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Can I sell you a hybrid?

BloggingStocks – January 3, 2009

So once again Americans prove to be a fickle lot.  We just came through a period of record oil prices and now we are enjoying liquid fuel at a price point that is probably as low (adjusted for inflation) as it was in the 70s before the first big oil rush.  Our car companies are in trouble because of lack of money for loans and the general lack of consumer interest in buying cars.  One of the chief complaints about the Big 3 is that they didn’t build fuel efficient cars but instead concentrated on gas guzzlers like SUVs and trucks.  The pundits are all saying they should build hybrids and that would save them.

But are the pundits correct?  According to BloggingStocks, hybrids sales have dropped 53% in November and 37% from a year earlier.  Edmunds says that in now takes 8 years for a Prius owner to break even on the purchase by factoring gas savings.  Few people keep their car for 8 years so at this level of gas pricing, it is not profitable to buy a Prius unless one is motivated by other factors such as environmentalism.  If you are so motivated though, one would think you would also be motivated to keep your fellow American employed and buy a Chevrolet (perhaps a Volt since it is supposed to be a year or two away). 

We are blessed with some pundits that simply believe that this level of gasoline pricing is bad.  They want to raise the price of liquid fuel to at least some minimum level (higher than today’s) to create an environment where reforms are possible.  Matt Miller frequently discusses this on his radio show “Left Right and Center“.  These pundits are basically correct that the oil producing nations will never price their product so high that alternative forms of energy are economically successful.  It does create a problem to raise the price of a commodity so that another commodity can be economically feasible.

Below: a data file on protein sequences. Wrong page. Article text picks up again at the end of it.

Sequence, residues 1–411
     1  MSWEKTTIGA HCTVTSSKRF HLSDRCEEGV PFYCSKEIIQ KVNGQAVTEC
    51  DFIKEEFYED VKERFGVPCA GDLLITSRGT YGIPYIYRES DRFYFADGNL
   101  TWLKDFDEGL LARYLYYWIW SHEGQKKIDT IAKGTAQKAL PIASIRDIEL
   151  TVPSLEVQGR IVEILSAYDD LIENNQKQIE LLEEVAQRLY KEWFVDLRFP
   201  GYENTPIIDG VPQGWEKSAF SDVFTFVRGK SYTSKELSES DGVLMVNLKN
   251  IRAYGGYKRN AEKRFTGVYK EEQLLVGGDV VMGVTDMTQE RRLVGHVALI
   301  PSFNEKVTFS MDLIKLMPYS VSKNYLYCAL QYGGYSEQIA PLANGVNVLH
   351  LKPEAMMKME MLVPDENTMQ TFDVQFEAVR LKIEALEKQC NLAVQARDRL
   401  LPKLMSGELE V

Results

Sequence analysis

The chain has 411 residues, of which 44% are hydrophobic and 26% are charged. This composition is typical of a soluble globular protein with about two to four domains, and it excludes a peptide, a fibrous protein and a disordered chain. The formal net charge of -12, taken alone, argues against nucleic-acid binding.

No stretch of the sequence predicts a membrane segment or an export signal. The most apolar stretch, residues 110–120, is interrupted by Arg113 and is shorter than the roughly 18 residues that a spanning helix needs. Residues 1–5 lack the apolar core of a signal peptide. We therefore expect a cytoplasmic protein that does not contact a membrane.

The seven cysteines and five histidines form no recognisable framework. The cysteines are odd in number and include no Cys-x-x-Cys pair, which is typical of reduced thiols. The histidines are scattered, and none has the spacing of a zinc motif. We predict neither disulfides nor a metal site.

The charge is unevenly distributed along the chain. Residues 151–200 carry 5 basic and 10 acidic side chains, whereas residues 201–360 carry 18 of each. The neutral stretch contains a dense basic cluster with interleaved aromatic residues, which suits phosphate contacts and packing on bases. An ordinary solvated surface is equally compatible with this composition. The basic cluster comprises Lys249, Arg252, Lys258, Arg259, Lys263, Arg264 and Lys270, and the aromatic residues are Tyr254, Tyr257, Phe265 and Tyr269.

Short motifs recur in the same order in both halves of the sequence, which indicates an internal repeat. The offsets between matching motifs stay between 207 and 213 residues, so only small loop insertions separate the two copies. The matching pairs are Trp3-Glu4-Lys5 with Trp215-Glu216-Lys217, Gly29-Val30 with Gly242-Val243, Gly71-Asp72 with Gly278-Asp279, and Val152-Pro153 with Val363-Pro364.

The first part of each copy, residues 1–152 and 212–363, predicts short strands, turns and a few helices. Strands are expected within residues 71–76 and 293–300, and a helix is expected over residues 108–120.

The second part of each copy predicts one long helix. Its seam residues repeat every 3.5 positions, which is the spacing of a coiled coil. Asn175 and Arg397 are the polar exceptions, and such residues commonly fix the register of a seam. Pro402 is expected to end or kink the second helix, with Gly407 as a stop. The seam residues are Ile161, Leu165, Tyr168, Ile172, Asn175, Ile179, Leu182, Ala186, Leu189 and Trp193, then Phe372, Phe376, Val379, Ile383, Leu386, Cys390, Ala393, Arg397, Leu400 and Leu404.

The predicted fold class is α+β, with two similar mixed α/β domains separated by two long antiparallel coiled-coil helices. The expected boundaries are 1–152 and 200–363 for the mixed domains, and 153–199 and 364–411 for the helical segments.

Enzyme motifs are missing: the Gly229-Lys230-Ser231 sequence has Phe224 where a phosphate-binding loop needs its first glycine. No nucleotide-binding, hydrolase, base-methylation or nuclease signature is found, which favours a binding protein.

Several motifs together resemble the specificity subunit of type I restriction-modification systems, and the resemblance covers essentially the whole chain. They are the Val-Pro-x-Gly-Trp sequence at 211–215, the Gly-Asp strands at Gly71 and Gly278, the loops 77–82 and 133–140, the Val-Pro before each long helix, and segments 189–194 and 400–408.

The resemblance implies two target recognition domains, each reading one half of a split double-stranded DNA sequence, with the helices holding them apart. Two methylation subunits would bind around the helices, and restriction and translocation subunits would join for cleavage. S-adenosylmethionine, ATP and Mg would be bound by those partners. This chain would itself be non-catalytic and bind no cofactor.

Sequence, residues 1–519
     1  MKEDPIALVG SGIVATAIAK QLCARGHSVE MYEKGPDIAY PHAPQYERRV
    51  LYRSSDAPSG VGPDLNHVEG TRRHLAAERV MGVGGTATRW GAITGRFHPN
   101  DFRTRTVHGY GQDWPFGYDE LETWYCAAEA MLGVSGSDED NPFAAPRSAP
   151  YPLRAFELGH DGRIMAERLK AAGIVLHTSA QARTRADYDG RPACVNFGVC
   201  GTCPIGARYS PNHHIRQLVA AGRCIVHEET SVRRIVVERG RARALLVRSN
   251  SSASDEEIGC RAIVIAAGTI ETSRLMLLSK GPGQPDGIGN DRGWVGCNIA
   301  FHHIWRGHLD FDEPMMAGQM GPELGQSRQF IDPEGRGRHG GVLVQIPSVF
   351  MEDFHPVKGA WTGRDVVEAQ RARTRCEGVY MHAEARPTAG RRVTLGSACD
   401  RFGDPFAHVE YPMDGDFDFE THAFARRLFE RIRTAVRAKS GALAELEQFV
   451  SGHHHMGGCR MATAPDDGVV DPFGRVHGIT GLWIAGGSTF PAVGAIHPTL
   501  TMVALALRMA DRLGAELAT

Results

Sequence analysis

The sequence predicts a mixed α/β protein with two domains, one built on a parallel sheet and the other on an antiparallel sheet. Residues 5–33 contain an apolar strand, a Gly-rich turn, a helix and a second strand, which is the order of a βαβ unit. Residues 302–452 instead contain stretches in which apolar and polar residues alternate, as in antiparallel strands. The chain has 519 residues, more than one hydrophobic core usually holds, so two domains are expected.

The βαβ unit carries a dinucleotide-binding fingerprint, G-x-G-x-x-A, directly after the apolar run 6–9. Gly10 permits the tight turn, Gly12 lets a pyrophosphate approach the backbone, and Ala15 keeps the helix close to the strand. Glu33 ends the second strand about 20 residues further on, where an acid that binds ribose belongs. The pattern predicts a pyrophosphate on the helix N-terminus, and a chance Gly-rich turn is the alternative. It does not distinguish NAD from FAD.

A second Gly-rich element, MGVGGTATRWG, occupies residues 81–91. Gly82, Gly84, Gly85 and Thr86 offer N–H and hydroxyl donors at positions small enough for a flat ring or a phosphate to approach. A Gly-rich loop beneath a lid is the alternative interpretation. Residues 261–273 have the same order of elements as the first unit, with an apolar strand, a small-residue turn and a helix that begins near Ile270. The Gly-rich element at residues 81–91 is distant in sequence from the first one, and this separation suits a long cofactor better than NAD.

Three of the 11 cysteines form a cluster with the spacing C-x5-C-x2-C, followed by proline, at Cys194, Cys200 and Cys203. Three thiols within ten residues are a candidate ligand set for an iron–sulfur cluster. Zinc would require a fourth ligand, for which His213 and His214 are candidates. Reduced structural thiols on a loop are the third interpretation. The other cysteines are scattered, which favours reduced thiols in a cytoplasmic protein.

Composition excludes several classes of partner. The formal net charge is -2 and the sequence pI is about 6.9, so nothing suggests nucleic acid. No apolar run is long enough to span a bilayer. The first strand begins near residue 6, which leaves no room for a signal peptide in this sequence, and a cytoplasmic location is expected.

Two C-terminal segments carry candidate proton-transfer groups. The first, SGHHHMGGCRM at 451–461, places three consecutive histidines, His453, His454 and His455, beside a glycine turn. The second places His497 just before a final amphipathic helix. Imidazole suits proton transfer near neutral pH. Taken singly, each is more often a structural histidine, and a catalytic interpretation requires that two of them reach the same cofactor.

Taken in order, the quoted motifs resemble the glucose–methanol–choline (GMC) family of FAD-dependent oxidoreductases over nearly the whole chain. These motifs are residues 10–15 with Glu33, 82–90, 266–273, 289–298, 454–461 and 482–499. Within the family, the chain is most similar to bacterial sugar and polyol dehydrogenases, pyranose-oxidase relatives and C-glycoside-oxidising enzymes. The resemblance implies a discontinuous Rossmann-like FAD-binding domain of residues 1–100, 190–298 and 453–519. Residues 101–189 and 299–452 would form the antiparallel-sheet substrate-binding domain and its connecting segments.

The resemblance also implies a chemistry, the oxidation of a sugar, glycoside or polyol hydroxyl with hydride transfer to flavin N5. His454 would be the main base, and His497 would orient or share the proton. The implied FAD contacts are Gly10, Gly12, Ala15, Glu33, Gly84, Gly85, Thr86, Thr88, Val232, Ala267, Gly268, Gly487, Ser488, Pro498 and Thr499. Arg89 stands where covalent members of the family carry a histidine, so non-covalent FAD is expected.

Read the BloggingStocks article by clicking through here.

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One Response to “Can I sell you a hybrid?”

  1. Here, as in most instances, I follow the “all other things being equal” test. All other things being equal, I believe most people would make the environmentally sound choice; most people would buy the hybrid.

    But all other things aren’t equal.

    I’m not a car person (don’t own one and mostly don’t follow the industry), so I could be wrong, but from what I’ve heard, you sacrifice a bit of performance for the mileage. People don’t like that. And right now, pocketbook issues count for more than usual. If they’re not reasonably sure of getting that money back in cost savings (even if we think oil will be expensive again soon–we’ve been thinking that for decades), then they can’t justify spending more to buy.

    If someone manages to build a hybrid that is cost competitive and performance competitive with gas guzzlers, I think it would do very well.

    That said, I don’t support policies to artificially inflate the price of gas just to try and force technologies now that would, by the very nature of technological advancement, be better in 10 years than anything we could come up with today (that’s the dirty little secret force fed innovation–in the long run we are likely to wind up with inferior technology).